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While the average secondary school will have enough lesbian, gay, bisexual and transgender (LGBT) students to make up two full classes, 90% of primary and secondary teachers and non-teaching staff report having had no training to support LGBT students, according to Stonewall. For many teachers, it can be a struggle to know how best to support students, especially when there are no policies and procedures in place.
Teachers can use these relatively simple techniques to ensure a basic level of inclusion and care for transgender students in their classroom:
Challenge your assumptions
Commonly heard among staff is, “We’ve not got any trans students here” – unaware that many transgender students are not out. Class teachers aren’t unusually informed about students who transition early – puberty blockers are often prescribed, stopping hormones from developing secondary sex characteristics. Other students may not wish to come out, or only come out selectively. For many students, however, the lack of information about transgender issues and identities can leave them without the language to explain their feelings.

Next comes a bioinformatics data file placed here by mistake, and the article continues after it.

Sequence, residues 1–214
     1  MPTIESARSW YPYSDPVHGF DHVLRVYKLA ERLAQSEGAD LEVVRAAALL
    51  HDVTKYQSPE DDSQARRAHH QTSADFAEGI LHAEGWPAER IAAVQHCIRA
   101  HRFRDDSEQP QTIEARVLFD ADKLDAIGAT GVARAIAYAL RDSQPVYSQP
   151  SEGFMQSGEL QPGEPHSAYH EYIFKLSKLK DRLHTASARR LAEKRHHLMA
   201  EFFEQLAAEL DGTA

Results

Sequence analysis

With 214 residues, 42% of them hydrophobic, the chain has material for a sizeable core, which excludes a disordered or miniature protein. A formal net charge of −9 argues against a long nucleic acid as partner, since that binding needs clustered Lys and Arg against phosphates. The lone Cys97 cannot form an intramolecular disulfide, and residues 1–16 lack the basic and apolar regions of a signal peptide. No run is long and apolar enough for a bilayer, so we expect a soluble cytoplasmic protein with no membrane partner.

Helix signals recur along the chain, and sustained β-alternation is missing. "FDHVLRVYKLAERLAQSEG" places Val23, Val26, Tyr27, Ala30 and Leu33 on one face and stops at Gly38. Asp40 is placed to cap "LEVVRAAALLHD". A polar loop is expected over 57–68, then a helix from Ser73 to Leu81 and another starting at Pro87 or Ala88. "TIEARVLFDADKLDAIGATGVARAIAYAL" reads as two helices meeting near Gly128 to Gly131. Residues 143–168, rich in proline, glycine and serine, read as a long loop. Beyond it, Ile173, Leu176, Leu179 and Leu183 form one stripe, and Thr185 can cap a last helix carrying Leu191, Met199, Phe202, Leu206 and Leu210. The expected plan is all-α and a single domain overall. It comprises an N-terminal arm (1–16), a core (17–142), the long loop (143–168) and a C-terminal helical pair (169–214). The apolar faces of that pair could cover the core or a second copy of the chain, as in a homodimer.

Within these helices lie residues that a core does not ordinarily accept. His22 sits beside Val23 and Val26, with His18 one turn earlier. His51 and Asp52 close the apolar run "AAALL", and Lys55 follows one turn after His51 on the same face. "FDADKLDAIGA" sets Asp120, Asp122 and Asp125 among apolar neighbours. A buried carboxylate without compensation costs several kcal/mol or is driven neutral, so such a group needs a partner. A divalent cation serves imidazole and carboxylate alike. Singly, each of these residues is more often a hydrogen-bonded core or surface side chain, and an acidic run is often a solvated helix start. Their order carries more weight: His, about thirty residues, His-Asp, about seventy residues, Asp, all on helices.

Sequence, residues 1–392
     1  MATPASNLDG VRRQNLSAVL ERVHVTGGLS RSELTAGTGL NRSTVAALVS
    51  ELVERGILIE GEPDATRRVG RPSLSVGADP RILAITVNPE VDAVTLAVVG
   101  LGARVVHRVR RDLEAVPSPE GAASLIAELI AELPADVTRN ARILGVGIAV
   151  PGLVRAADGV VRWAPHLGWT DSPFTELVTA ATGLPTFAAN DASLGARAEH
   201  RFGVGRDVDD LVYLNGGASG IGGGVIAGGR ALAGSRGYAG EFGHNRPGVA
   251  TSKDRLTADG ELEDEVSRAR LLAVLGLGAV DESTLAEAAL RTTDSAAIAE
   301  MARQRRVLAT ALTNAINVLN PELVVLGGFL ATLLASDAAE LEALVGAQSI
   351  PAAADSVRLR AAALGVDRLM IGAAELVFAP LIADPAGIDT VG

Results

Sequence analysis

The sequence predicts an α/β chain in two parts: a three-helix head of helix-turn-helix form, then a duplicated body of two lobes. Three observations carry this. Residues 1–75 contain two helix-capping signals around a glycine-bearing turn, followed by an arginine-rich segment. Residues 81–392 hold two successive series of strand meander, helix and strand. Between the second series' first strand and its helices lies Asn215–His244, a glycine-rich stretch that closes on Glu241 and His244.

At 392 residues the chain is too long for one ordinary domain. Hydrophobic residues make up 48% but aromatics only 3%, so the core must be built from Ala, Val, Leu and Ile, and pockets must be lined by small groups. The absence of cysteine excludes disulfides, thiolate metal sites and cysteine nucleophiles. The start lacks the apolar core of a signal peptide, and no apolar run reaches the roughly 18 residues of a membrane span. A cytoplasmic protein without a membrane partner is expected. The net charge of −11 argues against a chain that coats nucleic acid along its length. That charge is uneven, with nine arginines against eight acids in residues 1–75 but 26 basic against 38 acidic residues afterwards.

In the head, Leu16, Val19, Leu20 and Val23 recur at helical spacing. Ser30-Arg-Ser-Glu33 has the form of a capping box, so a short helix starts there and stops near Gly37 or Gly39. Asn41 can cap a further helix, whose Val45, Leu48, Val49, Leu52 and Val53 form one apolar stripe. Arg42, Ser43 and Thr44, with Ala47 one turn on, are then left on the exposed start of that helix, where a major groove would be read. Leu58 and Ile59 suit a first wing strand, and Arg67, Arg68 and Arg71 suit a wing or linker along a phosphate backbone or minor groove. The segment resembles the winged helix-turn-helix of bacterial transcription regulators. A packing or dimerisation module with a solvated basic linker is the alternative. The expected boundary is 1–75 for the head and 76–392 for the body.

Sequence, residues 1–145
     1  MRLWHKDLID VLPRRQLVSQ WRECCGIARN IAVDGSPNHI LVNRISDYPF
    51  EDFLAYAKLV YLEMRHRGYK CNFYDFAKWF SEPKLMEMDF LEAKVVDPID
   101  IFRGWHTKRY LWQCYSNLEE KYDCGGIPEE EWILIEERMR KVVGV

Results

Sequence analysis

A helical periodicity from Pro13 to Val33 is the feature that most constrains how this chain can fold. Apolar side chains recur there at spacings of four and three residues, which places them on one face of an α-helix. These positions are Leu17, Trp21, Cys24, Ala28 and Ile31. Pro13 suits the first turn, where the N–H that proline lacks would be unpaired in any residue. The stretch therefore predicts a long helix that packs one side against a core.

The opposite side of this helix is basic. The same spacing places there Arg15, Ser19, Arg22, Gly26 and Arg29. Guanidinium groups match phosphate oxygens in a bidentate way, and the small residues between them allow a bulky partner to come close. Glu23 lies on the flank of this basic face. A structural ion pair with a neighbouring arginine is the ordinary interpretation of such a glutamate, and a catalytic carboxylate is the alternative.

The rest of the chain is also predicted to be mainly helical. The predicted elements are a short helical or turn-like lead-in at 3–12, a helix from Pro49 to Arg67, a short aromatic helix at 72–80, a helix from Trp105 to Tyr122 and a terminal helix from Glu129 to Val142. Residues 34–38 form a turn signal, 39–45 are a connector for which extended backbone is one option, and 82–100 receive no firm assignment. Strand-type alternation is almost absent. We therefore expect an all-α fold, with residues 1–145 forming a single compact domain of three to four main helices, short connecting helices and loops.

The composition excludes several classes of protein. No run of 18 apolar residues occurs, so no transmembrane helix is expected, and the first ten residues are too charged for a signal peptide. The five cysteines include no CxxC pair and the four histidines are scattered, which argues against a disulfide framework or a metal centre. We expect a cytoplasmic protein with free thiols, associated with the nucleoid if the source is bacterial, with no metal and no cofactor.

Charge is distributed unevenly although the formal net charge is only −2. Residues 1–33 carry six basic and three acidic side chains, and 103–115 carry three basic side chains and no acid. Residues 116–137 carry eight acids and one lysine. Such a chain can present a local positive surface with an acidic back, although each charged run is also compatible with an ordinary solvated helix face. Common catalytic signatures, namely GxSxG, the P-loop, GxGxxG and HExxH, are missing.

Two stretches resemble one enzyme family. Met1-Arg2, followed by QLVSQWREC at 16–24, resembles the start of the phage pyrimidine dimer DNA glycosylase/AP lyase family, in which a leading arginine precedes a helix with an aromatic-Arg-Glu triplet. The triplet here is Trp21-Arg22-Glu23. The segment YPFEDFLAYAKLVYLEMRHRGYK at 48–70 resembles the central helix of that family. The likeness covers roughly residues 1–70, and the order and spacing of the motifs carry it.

It’s important teachers create a safe environment for transgender students, whether or not we are aware of trans individuals in our schools. This enables questioning students to explore their gender and sends a message of acceptance to all students.
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